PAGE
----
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Oil Spill Hangover

As BP's oil spill threatens fishing towns and tourist beaches along America's Gulf coast, Gerry Northam asks if lessons from previous disasters could have prevented the tragedy.

As BP's oil spill threatens fishing towns and tourist beaches along America's Gulf coast, Gerry Northam asks if lessons from previous disasters could have prevented the tragedy.
When the tanker Exxon Valdez hit a reef in Alaska's Prince William Sound in 1989, the resulting oil spill became the worst in American history. Fisheries were closed and the local economy was undermined. Many said such a disaster should never again befall American coastal communities. Tankers were obliged to be constructed with a protective second skin, and the law was changed to give polluters the clear responsibility to pay for oil spills.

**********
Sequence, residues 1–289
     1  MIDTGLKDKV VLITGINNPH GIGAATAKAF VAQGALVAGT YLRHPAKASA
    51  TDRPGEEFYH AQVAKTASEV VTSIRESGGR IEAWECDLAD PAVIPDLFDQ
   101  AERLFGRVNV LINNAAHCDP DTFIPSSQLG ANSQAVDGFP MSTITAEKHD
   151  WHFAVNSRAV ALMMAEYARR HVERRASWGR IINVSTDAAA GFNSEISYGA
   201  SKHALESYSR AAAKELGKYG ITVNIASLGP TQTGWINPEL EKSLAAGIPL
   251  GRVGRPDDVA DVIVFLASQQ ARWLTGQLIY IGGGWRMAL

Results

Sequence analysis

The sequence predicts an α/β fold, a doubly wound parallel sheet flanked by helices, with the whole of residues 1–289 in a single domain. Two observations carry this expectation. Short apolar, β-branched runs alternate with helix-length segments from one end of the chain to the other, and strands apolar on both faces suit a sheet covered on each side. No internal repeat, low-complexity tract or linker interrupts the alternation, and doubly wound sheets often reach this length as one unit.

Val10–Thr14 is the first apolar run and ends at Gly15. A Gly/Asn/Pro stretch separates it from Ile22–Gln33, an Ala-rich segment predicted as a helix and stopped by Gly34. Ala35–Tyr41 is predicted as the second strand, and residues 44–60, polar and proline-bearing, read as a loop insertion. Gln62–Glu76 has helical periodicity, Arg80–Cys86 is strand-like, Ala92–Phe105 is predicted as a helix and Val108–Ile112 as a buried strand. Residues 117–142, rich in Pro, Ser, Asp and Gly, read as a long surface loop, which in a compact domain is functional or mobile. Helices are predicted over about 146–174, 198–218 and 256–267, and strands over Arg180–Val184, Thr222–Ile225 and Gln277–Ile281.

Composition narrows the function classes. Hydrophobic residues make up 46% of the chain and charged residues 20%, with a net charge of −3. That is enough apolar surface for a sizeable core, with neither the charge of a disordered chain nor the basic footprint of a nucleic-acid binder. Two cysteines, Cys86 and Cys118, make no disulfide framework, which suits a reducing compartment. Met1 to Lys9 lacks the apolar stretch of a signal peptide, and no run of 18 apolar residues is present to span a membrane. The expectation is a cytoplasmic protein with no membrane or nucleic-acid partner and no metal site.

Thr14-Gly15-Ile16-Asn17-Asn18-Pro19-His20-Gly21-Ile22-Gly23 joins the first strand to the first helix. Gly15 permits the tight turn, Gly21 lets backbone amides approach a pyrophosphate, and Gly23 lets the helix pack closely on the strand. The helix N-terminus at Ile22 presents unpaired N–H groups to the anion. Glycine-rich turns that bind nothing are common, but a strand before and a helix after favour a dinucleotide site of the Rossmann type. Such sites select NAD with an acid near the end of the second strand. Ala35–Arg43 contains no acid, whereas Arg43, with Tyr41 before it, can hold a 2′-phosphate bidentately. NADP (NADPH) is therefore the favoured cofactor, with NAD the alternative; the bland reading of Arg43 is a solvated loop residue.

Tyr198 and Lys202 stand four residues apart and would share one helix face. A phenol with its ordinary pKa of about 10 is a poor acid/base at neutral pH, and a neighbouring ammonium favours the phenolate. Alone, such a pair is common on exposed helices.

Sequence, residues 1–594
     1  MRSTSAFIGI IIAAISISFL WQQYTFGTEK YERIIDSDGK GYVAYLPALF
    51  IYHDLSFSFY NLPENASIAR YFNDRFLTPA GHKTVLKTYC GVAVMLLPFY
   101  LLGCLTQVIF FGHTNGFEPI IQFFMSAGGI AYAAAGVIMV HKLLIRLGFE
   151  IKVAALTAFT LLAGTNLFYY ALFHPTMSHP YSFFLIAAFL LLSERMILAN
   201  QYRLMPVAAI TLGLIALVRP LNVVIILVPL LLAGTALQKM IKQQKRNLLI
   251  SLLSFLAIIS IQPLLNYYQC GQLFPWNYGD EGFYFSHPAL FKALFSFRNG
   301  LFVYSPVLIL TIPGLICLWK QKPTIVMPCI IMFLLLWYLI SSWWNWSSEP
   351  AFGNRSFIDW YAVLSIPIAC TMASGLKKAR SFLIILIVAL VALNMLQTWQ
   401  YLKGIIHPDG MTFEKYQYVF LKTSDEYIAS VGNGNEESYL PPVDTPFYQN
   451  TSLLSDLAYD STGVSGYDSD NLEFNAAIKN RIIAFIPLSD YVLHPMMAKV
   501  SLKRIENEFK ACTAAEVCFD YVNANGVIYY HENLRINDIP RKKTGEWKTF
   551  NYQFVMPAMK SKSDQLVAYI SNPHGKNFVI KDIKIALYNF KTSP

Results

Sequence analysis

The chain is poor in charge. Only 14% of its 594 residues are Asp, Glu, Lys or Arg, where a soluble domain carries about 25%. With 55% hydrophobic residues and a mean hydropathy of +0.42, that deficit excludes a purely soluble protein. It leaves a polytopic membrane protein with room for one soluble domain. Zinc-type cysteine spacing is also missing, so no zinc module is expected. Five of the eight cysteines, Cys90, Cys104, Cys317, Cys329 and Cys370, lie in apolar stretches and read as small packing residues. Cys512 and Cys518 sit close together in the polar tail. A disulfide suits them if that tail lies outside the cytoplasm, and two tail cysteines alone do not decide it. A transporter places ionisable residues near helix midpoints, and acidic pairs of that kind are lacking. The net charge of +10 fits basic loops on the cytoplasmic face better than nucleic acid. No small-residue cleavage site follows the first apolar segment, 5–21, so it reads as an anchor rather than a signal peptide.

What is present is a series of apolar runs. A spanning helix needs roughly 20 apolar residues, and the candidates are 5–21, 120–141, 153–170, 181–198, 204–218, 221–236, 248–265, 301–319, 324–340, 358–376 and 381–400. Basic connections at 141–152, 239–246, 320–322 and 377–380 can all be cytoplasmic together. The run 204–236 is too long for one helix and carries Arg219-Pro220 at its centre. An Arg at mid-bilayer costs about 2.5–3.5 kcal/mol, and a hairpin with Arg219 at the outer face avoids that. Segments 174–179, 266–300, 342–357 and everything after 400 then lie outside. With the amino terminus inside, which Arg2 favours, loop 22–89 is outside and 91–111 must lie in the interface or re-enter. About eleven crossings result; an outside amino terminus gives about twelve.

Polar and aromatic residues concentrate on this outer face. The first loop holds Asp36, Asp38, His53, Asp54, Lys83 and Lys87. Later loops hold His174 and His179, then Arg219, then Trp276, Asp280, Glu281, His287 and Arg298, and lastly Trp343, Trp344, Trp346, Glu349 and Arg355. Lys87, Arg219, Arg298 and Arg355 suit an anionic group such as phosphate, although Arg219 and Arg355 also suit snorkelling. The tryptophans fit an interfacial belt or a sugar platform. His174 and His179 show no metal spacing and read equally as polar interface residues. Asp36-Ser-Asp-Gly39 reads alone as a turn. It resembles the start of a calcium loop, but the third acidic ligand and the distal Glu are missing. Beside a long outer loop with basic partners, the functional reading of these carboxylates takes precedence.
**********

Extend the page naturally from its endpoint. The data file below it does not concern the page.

More than a hundred million gallons of oil have poured into the Gulf and a growing chorus of critics is asking why more preparations were not made for such a tragedy? Gerry Northam reports.
Producer Andy Denwood
Editor David Ross.

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40 minutes

Last on

Tue 20 Jul 2010 20:00

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